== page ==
Signs of past relationships, in the form of permanent tattoos, can be troublesome.
During the past several years I’ve noticed an increase in the number of clients who declare their regret at having gotten a tattoo of a lover’s name. These range from a male client who had a girlfriend’s name – complete with roses and hearts – scrawled down his entire right arm, to a young woman who had a partner’s name inked in a large sweeping arc across her lower (no, a little lower) back .
Both had regrets, because of negative stereotypes they’d had to confront.
The young man wanted to stop explaining to everyone why the name on his arm was not that of his current girlfriend. People wondered if he had been drunk when he got tattooed, and asked endless questions aboutthe immortalized girl, who he now was trying to forget. It was embarrassing to his new fiancee, and he was tired of it. He had begun wearing only long sleeved shirts, but was anxious about the coming of summer and warm weather.
The young woman was particularly troubled because a new romantic interest (not knowing of her tattoo) had declared to her that he “would never date a girl with a tramp stamp (lower back tattoo) because that shows they are promiscuous-and the bigger the stamp the more ‘skanky’ the girl.” His use of these derogatory terms left her feeling helpless. She agonized over how to talk to him about it before he saw it. And how to explain about who’s name it was? She cried softly as she talked about how helpless and trapped she felt.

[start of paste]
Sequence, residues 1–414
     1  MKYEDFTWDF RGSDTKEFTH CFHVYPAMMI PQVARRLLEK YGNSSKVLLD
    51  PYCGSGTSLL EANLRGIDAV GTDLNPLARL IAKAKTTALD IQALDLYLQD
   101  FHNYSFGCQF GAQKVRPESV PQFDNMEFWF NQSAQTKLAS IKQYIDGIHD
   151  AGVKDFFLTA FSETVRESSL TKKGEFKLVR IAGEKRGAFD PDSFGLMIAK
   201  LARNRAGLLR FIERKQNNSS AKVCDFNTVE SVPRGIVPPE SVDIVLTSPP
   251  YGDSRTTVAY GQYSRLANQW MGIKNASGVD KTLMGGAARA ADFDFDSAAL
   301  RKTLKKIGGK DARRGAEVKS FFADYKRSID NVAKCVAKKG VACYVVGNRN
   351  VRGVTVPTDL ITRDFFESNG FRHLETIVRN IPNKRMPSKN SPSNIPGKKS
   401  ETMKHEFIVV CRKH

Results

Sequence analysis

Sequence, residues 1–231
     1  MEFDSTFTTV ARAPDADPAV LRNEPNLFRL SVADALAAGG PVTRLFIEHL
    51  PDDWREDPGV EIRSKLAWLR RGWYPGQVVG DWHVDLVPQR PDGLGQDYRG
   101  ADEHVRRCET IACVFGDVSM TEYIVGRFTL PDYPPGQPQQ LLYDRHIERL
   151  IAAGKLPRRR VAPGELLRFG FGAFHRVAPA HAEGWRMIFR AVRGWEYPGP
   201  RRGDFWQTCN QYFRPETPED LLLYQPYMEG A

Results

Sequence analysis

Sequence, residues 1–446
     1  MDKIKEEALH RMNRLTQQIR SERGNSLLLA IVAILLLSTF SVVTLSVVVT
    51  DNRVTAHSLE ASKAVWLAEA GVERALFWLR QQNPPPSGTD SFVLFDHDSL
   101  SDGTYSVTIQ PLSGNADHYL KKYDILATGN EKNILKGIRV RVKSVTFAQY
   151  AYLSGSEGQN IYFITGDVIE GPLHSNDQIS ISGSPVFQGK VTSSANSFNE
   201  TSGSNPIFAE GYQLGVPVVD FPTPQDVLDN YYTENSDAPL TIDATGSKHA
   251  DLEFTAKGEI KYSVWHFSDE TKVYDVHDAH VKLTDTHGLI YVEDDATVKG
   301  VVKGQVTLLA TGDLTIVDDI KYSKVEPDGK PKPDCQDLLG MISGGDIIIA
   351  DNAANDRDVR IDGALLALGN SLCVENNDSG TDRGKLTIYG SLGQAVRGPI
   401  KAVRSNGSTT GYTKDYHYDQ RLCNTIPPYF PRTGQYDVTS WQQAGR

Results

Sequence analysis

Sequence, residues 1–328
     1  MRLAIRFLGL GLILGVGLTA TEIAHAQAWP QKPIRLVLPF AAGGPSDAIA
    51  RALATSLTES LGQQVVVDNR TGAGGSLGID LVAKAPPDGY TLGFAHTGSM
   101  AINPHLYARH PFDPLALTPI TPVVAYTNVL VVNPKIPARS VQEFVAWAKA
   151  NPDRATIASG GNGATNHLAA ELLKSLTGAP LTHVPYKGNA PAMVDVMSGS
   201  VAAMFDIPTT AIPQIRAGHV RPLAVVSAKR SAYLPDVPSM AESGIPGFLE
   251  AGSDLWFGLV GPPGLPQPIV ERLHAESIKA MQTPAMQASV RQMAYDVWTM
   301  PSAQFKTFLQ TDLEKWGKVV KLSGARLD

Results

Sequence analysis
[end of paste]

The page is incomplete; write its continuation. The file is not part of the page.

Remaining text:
Another client had told me about a new tattoo removal process that reportedly is more effective and much less painful than other techniques. Called Medline C6, it apparently also leaves less scarring than other removal echniques that may simply leave behind the original tattoo design but as a scar rather than a tattoo! He was going to pursue this new removal process because he wanted to propose to his girlfriend and she had told him that she could not marry someone who had a former lover’s name tattooed on his body.
If you want to decorate your body with permanent ink art, be very careful to think through your choices, especially if you’re choosing someone else’s name, and to make a choice only when you are sober and have discussed it with close friends who might offer you valuable feedback. Tattoos do hurt when you have them put on, but reports are that they hurt much more to take off (at least with the laser method).
And the physical pain may be minimal compared to the emotional pain if you change your mind, or your relationship.
Click on the link below for a short YouTube video of the laser removal process: